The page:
The Keiretsu-Cooperative: A Model for Post-Gutenberg Publishing
Oxford Internet Institute Issue Brief, No. 4, January 2010
18 Pages Posted: 6 Jan 2010 Last revised: 7 Sep 2011
Date Written: January 6, 2010
This paper outlines a suggestion for a profitable, post-Gutenberg publishing model, one that puts bloggers at its centre. It avoids the chief risk of implementing pay-for-content plans, which is reducing site traffic, thereby reducing publishers’ attractiveness to advertisers. Its pay-to-own scheme allows digital media to live up to their democratic potential in the highest degree.
In the background for this proposal, communication by printed media has reached its limit as an agent of democratisation. Only a privileged minority had access to tools of printed mass communication at the close of the Gutenberg era, and before the widespread availability of inexpensive digital media, including the Internet. At the end of 2009, printed book publishing was a business in decline after years of low or no growth. Newspaper publishers were searching for business models to replace a modus operandi in which most of their revenue – which rarely covered operating costs – was derived from commercial advertising, with newsstand purchases and subscriptions in the US and UK commonly accounting for no more than a fifth of their sales.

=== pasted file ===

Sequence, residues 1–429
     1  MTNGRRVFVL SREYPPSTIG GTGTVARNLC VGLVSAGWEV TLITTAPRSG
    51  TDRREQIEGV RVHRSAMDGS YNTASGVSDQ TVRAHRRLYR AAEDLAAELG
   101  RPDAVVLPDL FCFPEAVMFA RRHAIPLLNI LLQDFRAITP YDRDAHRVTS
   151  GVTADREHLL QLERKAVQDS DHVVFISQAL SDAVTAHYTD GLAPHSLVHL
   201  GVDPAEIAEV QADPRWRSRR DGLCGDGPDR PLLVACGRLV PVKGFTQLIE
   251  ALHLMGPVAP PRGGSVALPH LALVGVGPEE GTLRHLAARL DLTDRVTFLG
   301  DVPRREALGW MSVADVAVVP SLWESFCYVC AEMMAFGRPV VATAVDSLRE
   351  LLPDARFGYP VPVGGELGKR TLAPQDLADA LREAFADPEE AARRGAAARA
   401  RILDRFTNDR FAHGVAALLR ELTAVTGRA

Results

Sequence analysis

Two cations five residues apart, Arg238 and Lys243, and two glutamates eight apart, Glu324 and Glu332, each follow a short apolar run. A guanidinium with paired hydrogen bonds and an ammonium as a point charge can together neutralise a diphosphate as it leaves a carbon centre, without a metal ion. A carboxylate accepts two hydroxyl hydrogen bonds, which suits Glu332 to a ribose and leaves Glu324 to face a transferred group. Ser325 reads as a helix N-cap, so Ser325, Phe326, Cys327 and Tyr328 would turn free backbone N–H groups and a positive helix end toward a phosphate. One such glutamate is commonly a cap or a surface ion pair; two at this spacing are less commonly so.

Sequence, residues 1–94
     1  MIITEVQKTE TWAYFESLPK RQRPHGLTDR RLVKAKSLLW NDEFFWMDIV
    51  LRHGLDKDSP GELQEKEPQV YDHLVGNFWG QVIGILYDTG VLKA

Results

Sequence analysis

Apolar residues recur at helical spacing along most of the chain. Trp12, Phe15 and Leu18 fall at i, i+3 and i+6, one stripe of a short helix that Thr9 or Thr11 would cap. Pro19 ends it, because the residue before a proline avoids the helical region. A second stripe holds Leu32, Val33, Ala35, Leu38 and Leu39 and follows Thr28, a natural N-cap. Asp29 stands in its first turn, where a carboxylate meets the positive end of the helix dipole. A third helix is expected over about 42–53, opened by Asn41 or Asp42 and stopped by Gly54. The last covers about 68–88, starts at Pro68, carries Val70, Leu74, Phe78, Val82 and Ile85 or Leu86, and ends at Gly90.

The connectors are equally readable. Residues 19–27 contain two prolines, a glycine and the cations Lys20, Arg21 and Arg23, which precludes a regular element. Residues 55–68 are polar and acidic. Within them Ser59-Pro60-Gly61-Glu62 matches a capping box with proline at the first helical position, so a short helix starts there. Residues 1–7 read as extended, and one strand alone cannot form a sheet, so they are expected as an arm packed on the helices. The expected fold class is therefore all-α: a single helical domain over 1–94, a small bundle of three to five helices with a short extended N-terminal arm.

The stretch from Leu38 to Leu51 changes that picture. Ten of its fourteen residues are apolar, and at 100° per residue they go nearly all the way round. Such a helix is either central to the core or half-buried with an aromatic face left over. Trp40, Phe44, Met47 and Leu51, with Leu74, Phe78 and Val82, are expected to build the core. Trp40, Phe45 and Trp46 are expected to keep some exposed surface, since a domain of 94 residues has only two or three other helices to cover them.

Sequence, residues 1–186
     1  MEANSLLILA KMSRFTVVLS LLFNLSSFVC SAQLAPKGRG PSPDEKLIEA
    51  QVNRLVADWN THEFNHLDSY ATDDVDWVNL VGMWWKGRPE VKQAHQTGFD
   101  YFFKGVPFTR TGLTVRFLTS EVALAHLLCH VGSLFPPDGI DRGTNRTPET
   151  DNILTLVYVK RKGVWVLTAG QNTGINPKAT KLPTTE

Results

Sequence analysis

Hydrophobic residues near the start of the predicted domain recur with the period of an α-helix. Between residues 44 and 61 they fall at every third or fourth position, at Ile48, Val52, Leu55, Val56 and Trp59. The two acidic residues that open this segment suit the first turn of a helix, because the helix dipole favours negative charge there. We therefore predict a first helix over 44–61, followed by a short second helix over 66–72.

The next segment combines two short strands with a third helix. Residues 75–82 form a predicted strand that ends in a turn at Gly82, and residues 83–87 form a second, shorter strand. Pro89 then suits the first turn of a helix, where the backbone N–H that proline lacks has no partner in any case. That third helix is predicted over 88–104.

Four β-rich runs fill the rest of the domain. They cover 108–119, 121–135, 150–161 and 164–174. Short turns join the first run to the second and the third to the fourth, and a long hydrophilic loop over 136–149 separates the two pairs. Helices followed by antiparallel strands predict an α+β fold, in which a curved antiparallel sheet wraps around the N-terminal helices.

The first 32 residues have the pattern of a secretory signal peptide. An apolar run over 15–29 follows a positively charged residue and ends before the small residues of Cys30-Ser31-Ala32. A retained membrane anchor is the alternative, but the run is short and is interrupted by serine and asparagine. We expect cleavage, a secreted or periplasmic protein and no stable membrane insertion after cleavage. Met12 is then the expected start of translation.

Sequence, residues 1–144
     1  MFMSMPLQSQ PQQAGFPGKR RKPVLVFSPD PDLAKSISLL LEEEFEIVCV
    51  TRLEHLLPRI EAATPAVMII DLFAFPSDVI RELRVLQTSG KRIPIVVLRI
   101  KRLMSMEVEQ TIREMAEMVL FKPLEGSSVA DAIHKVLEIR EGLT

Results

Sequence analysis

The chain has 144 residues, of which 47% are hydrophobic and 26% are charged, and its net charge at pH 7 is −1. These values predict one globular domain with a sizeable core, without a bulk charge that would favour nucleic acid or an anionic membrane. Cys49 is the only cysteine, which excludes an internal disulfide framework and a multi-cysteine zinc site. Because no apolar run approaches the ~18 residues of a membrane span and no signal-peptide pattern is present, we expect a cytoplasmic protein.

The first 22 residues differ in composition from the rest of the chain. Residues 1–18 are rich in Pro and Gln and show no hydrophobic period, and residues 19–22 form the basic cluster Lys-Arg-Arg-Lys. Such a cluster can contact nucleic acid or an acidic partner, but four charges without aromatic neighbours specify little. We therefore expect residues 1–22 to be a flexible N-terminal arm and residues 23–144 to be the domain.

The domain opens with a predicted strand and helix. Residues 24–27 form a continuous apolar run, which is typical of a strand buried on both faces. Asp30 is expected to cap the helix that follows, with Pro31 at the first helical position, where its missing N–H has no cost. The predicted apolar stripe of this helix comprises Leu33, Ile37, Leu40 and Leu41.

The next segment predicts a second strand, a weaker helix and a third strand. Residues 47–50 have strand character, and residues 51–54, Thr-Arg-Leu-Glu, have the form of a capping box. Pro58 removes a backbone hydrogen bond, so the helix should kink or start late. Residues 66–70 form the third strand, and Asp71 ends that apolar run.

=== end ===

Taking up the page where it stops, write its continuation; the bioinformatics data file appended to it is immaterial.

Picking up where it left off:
At the end of the paper, four leaders in publishing who are or were recently associated with important British institutions – Bill Emmott (The Economist), David Goodhart (Prospect), Godfrey Hodgson (the Reuters Foundation Fellowship Programme, Oxford University) and Frances Pinter (Bloomsbury Academic) – react to the proposed scheme.
Keywords: Electronic publishing, Media revolution, Cooperative business enterprise, Keiretsu, Business model for e-media content generation, Bloggers vs. traditional print media, Post-Gutenberg publishing, User-generated content
JEL Classification: L82, P12, P13, O33, O34, Z10
Suggested Citation: Suggested Citation